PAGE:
7. Humility: Reflective teaching makes the teachers humble as it is a means to be aware of their strengths and shortcomings. Accepting one’s shortcomings is the first step towards attaining this quality. Rectification of one’s mistakes and implementing it honestly takes you a step ahead. A humble teacher will always be a better teacher and a better teacher will always be a respected teacher. Self-reflection acts as a constant reminder to teachers that they are not perfect, to stay humble and continue working hard to achieve better results.

 

For the Students: The students get the advantage of easier and better grasp of the subject and increased interest in learning. It not only produces Reflective Teachers but reflective learners too.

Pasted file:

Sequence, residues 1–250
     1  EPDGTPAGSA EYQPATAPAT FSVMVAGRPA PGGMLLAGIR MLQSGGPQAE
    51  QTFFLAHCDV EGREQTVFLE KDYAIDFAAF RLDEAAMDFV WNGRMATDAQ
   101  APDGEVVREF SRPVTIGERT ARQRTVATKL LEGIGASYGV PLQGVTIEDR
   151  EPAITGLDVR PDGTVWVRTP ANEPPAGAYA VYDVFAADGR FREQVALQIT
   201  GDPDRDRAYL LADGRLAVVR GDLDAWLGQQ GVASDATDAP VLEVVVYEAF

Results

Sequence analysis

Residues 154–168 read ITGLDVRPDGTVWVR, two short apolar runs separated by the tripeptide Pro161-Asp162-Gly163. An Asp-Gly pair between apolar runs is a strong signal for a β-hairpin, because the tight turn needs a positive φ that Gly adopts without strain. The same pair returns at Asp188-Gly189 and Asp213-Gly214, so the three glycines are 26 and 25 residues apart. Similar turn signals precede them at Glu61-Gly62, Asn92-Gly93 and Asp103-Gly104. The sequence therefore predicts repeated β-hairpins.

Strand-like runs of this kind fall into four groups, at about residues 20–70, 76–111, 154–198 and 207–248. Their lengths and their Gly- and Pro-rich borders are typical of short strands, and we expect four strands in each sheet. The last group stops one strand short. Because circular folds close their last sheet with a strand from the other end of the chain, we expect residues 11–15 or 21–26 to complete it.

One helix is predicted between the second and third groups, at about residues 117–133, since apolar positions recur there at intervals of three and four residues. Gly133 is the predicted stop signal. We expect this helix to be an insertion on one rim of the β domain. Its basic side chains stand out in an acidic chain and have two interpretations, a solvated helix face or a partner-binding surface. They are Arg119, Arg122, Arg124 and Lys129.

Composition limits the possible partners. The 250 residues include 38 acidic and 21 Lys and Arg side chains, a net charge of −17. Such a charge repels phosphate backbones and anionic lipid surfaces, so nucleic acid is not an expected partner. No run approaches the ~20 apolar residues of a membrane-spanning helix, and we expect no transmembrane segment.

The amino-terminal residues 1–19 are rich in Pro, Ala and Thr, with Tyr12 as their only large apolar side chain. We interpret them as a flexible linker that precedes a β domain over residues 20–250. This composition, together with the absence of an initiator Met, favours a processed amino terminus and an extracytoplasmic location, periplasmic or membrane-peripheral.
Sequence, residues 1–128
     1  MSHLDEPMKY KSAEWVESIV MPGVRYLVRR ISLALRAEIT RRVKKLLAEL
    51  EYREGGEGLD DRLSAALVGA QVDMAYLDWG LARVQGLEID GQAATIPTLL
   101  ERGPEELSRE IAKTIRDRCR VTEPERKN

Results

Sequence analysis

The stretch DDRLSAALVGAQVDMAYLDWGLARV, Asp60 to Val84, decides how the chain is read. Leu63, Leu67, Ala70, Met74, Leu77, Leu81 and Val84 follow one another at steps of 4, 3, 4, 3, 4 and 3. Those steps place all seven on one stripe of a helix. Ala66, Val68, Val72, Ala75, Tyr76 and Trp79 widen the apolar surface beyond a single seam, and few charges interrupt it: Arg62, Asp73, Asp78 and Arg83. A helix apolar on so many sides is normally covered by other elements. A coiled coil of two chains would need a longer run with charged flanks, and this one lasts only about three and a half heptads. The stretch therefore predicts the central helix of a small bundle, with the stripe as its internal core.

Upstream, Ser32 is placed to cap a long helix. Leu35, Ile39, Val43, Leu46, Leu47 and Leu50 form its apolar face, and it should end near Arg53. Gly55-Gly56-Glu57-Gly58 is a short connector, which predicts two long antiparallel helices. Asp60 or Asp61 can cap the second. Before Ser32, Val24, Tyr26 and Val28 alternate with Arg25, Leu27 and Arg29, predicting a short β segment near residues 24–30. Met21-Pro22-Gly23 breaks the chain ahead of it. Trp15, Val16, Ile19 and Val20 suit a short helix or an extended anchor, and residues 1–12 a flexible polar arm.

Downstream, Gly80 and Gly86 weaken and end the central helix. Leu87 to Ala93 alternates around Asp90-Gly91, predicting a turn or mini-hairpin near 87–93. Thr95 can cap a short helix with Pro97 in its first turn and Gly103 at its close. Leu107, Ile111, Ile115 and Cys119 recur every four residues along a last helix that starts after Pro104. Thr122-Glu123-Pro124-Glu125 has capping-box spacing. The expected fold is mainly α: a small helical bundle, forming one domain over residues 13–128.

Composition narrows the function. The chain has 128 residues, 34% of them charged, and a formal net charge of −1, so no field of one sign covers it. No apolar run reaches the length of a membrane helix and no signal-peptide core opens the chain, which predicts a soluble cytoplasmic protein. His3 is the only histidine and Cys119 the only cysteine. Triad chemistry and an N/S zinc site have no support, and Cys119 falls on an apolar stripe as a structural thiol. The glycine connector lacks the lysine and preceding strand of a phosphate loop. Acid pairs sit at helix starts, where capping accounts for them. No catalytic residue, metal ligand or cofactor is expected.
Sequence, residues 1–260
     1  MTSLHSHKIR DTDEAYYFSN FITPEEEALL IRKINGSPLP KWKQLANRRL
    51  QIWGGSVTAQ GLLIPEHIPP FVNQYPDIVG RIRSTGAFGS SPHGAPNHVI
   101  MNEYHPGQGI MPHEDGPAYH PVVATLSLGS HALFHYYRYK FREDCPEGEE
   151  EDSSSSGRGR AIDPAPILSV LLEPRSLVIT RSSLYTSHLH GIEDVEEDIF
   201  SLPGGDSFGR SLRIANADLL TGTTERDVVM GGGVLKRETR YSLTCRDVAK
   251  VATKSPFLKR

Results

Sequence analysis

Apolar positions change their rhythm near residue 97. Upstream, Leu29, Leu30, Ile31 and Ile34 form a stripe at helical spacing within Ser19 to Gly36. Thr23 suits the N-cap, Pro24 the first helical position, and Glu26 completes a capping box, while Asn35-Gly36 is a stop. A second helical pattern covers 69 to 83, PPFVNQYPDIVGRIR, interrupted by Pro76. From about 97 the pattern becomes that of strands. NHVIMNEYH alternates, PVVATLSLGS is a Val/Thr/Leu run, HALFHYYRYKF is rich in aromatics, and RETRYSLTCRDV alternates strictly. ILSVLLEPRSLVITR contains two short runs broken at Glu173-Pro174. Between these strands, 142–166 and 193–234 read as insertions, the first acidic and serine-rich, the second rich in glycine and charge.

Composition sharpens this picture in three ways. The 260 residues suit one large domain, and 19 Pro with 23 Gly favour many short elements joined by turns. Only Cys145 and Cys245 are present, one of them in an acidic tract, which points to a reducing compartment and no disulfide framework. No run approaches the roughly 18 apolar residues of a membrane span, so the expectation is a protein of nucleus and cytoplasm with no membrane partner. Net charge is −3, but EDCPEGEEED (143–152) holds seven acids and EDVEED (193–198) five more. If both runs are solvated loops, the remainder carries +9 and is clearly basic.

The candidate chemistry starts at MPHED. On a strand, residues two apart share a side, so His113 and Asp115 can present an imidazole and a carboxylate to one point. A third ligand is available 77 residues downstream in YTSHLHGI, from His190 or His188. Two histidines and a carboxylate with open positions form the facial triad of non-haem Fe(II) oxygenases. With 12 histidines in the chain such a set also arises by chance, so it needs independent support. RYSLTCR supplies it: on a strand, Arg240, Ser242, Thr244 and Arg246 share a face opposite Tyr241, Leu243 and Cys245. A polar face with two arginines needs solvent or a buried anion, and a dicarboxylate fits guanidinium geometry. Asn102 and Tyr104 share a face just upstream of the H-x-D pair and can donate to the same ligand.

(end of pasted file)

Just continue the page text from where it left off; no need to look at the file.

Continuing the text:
For the Organization: Educational institutions, where reflective Practice is encouraged have an edge over others with regards to improved teaching learning processes. The image of the Organization becomes the joint responsibility of the management, teachers and Students. The overall atmosphere is more congenial because of better understanding between teachers and students. And of course, better teaching brings greater reputation.

 

IV        Summary:

  1. Reflective Teaching is a process of self-improvement by the teachers, for the teachers.
  2. It involves honest appraisal of one’s teaching process, taking corrective measures to rectify the shortcomings and reaffirming the steps found useful, implement and reassess the same during next session.
  3. Its implementation is a win -win proposition for teachers, students and the organization.

In order to make it objective and not subjective, every teaching institute can make it an integral part of the curriculum rather than leaving it to be practiced by individual teachers.